Polling a policy that doesn’t exist

POLLING A POLICY THAT DOESN’T EXIST…. Last week, Rep. Michele Bachmann (R-Looneyville) convinced herself that U.S. currency is under attack (it isn’t) and the threat of a “global currency” is real (it isn’t). What sparked the paranoia was a Chinese proposal to replace the dollar as the world’s reserve currency, which of course has nothing to do with Bachmann’s bizarre ideas.

So, naturally, Rasmussen put a poll in the field to ask Americans how they feel about a policy that exists solely in the twisted imagination of an unhinged House Republican.

Eighty-eight percent (88%) of Americans say it is important for the dollar to remain the currency of the United States, including 70% who say it is Very Important.

Only three percent (3%) say it is not at all important if the dollar remains America’s currency, according to a new Rasmussen Reports national telephone survey.

China’s top government banker and a United Nations panel have both proposed that the dollar be replaced with a new global currency. However, only 21% of American adults believe the proposal is intended primarily to help the global economy.

Forty-nine percent (49%) think the proposal for a new global currency is designed to weaken the economic power of the United States. Most investors (54%) hold that view.

First, I’m quite surprised the majority was only 88%. Second, there’s a big difference between “a new global currency,” and a new global reserve currency, but Rasmussen’s poll fudged the details.

The pollster eventually concedes, “At issue is not replacing the money in Americans’ wallets but what currency will be the world standard against which all other monies are measured.” The problem, of course, is that the respondents to the Rasmussen poll weren’t told about this, making the poll results measuring public opinion about proposals that don’t exist rather useless.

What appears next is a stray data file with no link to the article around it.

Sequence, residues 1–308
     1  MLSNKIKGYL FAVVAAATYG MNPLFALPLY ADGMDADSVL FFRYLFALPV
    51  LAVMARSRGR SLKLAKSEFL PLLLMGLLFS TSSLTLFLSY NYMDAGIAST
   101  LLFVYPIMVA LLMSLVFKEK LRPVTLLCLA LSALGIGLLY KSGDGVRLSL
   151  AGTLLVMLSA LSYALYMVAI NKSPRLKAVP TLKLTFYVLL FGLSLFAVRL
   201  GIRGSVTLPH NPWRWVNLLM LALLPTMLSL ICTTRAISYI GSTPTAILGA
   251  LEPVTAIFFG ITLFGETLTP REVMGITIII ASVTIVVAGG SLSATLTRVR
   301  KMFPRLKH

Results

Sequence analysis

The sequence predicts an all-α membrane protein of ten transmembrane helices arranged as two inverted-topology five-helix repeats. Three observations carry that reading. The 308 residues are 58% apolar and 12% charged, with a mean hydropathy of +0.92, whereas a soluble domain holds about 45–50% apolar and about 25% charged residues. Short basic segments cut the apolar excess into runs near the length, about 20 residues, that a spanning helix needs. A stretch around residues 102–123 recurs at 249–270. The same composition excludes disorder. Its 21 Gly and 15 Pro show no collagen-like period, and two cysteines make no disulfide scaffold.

It reinforces an observation Matt Yglesias made in February: “Rasmussen is a pretty good pollster whose results are within the range of accuracy one wants from a pollster. But polling is a crowded business. And Rasmussen doesn’t also have a daily newspaper or a television network to tout his results. His business, however, requires attention. So how does he get that attention? Well in part he gets it with issue polling that, while basically methodologically sound, has question-wording that’s designed to lead to conservative-friendly results. Then the results come out and conservatives tout the results as vindicating their position. It’s free PR for Rasmussen, it’s a morale booster and message-driver for the right.”

Or, as Ali Frick put it today, “The fact that Rasmussen even polled on Bachmann’s insane legislation banning the replacement of the dollar with a fictional currency shows just how unconcerned Rasmussen is with truth, accuracy, or intellectual honesty.”